Women who work nights face higher cancer risk: Study
Women who regularly work in the night shift in Europe and North America may face a 19 percent higher risk of cancer than those who work during the day, said a study Monday.
These heightened risks were not apparent among female night-shift workers in Australia and Asia, said the meta-analysis in the journal Cancer Epidemiology, Biomarkers and Prevention.
"Our study indicates that night shift work serves as a risk factor for common cancers in women," said study author Xuelei Ma, an oncologist at the West China Medical Center of Sichuan University in Chengdu, China.
"We were surprised to see the association between night shift work and breast cancer risk only among women in North America and Europe," he added.
"It is possible that women in these locations have higher sex hormone levels, which have been positively associated with hormone-related cancers such as breast cancer."
The review incorporated 61 previously published studies on the topic, spanning 3.9 million participants from North America, Europe, Australia, and Asia and more than 110,000 cancers.
One drawback to the study was that the different definitions of long-term night shift work -- with some of the papers describing it as "working during the night" and others saying "working at least three nights per month."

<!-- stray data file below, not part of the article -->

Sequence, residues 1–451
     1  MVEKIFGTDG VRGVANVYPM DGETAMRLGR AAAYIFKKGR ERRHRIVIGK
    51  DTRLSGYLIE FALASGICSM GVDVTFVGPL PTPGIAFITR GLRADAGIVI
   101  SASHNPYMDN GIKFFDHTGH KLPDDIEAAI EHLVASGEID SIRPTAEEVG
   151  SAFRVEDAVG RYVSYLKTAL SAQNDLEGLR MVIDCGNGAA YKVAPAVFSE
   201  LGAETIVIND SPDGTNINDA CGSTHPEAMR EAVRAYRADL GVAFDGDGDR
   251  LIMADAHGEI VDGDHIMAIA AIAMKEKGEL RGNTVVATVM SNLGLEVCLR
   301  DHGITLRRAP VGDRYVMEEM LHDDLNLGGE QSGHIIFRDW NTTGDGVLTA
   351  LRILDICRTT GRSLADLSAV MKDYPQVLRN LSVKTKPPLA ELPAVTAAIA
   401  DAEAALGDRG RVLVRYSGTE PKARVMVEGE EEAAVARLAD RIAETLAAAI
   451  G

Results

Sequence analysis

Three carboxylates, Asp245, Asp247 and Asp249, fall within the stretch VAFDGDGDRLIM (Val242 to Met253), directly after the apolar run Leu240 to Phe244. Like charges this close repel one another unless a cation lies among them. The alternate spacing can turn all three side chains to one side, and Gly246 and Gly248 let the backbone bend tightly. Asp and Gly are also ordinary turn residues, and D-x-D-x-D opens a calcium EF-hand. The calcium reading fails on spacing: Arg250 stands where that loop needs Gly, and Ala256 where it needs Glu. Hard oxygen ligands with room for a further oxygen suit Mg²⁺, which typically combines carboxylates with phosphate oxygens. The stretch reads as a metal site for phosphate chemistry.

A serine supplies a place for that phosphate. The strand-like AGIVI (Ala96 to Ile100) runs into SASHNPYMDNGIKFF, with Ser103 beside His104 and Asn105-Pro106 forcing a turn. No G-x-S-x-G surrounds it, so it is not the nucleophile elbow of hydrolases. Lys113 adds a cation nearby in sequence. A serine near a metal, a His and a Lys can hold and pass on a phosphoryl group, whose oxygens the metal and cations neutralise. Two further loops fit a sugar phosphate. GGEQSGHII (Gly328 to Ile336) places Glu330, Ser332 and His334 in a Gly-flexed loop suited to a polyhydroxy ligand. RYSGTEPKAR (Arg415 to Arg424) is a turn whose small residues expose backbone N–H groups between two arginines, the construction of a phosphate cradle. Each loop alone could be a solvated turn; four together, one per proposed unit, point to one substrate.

But the association was stark.
While overall long-term night shift work increased the risk of cancer by 19 percent, the risk of certain cancers were even higher.
Female night shift workers saw a 41 percent increased risk of skin cancer and a 32 percent higher risk of breast cancer.
The risk of gastrointestinal cancer was 18 percent higher than in women who did not perform long-term night shift work.
A subset of female nurses was also highlighted in the study, which showed "those who worked the night shift had an increased risk of breast (58 percent), gastrointestinal (35 percent), and lung cancer (28 percent) compared with those that did not work night shifts."
Ma noted it was possible that nurses might be more likely to undergo screening, since they work in the medical profession.
"Another possible explanation for the increased cancer risk in this population may relate to the job requirements of night shift nursing, such as more intensive shifts."
When it came specifically to breast cancer, the risk rose by 3.3 percent for every five years of night shift work, said the study.
Previous research has shown that nighttime work can disrupt the body's circadian rhythms, causing hormonal and metabolic changes that may boost the risk of cancer, diabetes, obesity and depression.
"The results of this research suggest the need for health protection programs for long-term female night shift workers," said Ma.
"Long-term night shift workers should have regular physical examinations and cancer screenings."